Dr. Hirose is a pathologist who made a difference for the patient and treating physician by overseeing the Blood Bank for the clinical laboratory.

Dr. Hirose is a partner with the Affiliated Pathologists Medical Group, practicing in Southern California. He serves as the medical director for the transfusion medicine services of Little Company of Mary Hospital, San Pedro Peninsula Hospital, Good Samaritan Hospital, and Saddleback Memorial Medical Center. He serves on the Board of Directors for the American Red Cross for Southern California. He currently is a member of the Transfusion Committee for the College of American Pathologists and serves as a delegate to the California Medical Association.


Cefotetan-induced hemolysis associated with antibiotic prophylaxis for cesarean delivery.

Naylor CS, Steele L, Hsi R, Margolin M, Goldfinger D.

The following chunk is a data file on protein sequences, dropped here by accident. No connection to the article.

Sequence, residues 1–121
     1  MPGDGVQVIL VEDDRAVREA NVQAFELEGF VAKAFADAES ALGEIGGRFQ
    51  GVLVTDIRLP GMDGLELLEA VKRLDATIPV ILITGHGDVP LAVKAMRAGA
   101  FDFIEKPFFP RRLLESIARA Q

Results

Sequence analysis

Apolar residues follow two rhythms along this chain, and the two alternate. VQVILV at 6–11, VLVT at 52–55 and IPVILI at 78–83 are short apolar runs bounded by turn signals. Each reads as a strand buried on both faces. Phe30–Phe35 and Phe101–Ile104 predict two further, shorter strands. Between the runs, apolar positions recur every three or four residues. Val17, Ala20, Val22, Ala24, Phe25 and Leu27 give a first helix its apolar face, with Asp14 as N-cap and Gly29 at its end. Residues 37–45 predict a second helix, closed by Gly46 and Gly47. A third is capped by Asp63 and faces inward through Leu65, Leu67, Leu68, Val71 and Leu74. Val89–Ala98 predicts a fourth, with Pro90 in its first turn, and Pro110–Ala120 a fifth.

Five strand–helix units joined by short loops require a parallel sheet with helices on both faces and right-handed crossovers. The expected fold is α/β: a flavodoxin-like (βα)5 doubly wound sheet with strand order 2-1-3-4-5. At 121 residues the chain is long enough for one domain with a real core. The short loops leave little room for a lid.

Department of Obstetrics and Gynecology, Cedars-Sinai Medical Center, Los Angeles, CA, USA.

Am J Obstet Gynecol 2000 Jun;182(6):1427-8 Abstract quote

We describe 3 cases of antibiotic-induced hemolysis associated with cefotetan prophylaxis during cesarean delivery. Each of the 3 patients showed development of significant anemia with documented cefotetan-induced hemolysis.

When postpartum anemia is associated with antibiotic use, immune hemolytic anemia should be considered and included in the differential diagnosis.

Drug-induced hemolysis: cefotetan-dependent hemolytic anemia mimicking an acute intravascular immune transfusion reaction.

Stroncek D, Procter JL, Johnson J.

Department of Transfusion Medicine, Warren G. Magnuson Clinical Center, National Institutes of Health, Bethesda, Maryland 20892-1184, USA.


Am J Hematol 2000 May;64(1):67-70 Abstract quote

Numerous cases of drug-induced hemolytic anemia have been described in patients treated with penicillin or cephalosporin. Second and third generation cephalosporins are more commonly implicated in hemolytic reactions than first generation cephalosporins.